Georgia’s only way forward towards strengthened security, economic growth and modernization is to build a pluralistic political society. Georgia cannot build a national security state, it must build a liberal state, writes international relations specialist Levan Tsutskiridze.
It is important to fully gauge the extent of US-Georgia relationship in order to put the recent meeting of the two presidents in its proper light. The US support to Georgia has been the most comprehensive: ranging from humanitarian assistance in the early years of Georgia’s independence, leading up to the structural reforms in governance and security at a later stage. The US had been the key protector of Georgia’s security vis-à-vis the Russian revisionism in the region. To date, USAID has provided up to USD 62 million in humanitarian assistance and had pledged USD 1 billion in the aftermath of Russia-Georgia War in 2008. Georgia too had been the dedicated ally. It is now planning to send additional reinforcements in Afghanistan, which will make it the largest non-NATO contributor to ISAF. In the long shadow of the US – Russia “reset,” the first official visit of President Saakashvili to the Oval Office is of notable significance.
President Obama’s marked emphasis on reforms and democracy during the press appearance on January 30th is not to be misguided by an insignificant debate in Tbilisi over what the word “formal” denotes. The emphasis on democracy, in which the transfer of power is an essential part, was there. This is the right emphasis for Georgia, which has many immediate socio-economic, political and security challenges that can only be accommodated by the pluralistic political system.
Consider this: Georgia is an ethnically diverse state – according to the Government of Georgia 15% of its population represent nationalities other than Georgian; The UN sponsored study in 2010 describes about 14% of Georgia’s population as belonging to religions other than Orthodox Christianity – a dominant faith; the same organization counts almost 360,000 internally displaced persons; in 2011, a nationwide poll conducted by the National Democratic Institute – the US based non-profit which supports democratic reforms, found that 67% of Georgians do not consider themselves employed; at the same time, Georgia is politically vibrant. It has many small political parties, that are often disorganized and underfunded, but that are vocal and at times capable of mounting strong opposition movements; civil society organizations are able to engage and challenge the political society; Georgia is bereft of any significant reserves of natural resources and minerals to procure less conditional support from the key foreign players: the Baku-Tbilisi-Ceyhan pipeline, which runs through Georgia, accounts for only 1% of global oil demand; Most importantly, 20% of the Georgian territory is occupied by the world’s largest state, ready to overwhelm the remaining 80%. Finally, Georgia has no security guarantees from either the US or any defensive alliance. In this context, there is simply no other game in town that Georgia can play other than democracy for any significant internal tremor might bring about serious security risks. At the same time, it cannot strengthen its democracy without a degree of modernization to which economy and security are both essential.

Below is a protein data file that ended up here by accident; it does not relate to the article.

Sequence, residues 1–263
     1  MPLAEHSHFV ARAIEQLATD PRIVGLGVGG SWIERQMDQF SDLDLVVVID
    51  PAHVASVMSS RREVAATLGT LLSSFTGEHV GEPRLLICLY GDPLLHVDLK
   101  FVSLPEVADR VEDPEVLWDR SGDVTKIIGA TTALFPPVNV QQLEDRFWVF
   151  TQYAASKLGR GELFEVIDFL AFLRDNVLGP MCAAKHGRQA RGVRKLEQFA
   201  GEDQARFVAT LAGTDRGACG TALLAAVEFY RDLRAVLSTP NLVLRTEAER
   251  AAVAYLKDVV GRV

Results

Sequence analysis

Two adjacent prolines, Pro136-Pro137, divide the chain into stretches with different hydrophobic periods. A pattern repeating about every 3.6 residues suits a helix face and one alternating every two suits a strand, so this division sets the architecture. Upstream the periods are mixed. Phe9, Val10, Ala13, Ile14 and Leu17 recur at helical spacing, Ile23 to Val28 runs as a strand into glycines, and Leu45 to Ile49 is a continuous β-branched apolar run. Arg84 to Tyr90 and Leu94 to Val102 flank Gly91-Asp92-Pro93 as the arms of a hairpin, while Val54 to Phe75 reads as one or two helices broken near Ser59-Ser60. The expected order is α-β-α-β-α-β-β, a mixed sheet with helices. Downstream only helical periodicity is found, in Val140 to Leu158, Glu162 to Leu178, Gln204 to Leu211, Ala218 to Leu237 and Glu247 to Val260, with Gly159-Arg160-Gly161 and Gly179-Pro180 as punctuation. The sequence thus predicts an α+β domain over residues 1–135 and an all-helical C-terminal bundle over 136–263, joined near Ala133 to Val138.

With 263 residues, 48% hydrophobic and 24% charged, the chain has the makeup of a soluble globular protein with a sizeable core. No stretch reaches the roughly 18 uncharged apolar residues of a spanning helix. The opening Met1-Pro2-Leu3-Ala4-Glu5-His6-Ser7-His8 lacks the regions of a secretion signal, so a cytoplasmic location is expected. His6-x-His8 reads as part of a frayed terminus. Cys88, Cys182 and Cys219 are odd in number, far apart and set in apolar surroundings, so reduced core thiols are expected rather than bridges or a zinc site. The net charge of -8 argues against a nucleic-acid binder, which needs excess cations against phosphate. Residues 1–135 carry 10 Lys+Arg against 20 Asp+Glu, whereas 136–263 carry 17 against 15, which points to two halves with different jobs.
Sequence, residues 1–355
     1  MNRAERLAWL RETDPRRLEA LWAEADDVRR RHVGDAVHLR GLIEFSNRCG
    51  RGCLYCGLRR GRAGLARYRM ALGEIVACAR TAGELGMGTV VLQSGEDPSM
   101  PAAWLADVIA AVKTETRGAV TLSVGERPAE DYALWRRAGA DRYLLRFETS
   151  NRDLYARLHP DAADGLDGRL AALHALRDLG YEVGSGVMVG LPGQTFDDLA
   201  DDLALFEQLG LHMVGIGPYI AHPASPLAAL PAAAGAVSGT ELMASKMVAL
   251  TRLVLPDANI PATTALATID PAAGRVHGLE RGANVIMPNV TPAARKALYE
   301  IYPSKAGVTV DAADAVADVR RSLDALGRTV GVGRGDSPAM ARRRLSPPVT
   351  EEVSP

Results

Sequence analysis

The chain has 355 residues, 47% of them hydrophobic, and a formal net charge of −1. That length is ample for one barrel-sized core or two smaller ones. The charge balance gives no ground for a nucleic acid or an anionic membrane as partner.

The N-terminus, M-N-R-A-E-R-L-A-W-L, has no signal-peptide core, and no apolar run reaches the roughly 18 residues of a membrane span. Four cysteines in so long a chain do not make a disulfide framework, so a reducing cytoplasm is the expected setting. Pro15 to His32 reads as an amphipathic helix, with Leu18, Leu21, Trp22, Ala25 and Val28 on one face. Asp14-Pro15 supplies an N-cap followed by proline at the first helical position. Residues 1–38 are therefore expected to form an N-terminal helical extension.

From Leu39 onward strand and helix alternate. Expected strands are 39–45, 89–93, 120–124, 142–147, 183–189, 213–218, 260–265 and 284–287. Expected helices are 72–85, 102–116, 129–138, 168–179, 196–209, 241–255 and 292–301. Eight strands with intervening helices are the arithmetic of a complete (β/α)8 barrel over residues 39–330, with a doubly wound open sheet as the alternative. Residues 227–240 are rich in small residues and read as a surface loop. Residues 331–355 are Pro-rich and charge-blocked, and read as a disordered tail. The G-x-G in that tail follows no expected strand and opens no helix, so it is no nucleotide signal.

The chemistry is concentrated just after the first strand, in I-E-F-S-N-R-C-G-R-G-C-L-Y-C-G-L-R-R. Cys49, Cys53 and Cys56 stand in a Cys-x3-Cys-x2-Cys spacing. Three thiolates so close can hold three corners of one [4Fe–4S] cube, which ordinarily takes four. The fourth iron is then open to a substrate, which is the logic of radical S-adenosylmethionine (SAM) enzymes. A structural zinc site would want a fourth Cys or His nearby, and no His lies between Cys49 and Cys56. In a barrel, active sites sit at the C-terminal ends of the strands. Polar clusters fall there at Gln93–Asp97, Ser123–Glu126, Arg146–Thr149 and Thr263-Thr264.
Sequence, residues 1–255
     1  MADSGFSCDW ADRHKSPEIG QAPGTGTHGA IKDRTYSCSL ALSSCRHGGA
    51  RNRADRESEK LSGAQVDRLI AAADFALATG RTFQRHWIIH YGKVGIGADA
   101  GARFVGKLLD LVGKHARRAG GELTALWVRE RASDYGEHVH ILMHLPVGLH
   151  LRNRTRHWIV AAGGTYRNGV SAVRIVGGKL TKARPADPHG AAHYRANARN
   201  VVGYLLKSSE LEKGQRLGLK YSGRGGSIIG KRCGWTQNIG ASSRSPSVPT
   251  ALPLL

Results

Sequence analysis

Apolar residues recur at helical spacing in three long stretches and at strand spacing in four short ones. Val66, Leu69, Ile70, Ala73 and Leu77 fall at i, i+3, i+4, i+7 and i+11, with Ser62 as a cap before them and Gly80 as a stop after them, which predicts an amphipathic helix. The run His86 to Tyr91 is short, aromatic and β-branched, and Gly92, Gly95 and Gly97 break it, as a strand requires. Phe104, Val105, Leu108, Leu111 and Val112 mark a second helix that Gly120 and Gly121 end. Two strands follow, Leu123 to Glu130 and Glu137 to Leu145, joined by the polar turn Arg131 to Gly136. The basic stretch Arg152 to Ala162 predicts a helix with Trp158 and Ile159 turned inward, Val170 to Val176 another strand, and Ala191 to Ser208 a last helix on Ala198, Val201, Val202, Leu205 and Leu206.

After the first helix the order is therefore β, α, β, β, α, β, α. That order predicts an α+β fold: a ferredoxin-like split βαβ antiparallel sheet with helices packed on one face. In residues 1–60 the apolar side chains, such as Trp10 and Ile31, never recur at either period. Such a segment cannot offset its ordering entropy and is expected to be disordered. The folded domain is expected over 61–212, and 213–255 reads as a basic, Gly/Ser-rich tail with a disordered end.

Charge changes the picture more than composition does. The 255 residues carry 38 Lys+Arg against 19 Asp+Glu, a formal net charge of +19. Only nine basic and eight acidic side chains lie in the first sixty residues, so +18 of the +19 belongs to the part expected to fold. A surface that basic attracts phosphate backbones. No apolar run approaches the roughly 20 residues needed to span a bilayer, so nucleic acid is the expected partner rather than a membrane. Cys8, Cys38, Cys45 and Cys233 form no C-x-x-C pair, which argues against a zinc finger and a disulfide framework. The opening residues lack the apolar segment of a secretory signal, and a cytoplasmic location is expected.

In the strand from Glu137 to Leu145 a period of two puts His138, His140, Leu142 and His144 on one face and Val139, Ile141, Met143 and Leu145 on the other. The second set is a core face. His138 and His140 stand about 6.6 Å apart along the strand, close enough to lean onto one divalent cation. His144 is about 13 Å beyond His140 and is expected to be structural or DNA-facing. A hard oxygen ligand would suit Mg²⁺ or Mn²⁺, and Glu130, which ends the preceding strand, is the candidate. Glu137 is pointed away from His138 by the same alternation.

Security is crucial as Georgia cannot defend its independence alone. Russia is a strong revisionist power and builds-up its offensive capabilities in the occupied parts of Georgia as well as elsewhere in the region. Rising tensions with Iran, politico-economic turmoil of Europe, revolutionary tides in the Middle East and North Africa will all distract the attention of Georgia’s key supporters and limit their resources; this will also create the potential to strengthen the demand for Russian oil and gas. Where there is oil influence follows. Russia’s Prime-Minister, Vladimir Putin, challenged both by liberals and nationalists alike on the home front and well aware of impending international criticism of his possible 12 years extension at the Kremlin’s helm, will seek to rally domestic public support and thus cement his position. If the past is any prologue then victorious military campaigns are amongst his preferred choices. Georgia’s full subjugation will result in both popular approvals and cement Russia’s influence in the region it considers is its backyard. This is why the US’s unequivocal diplomatic and development support to Georgia’s security is existential.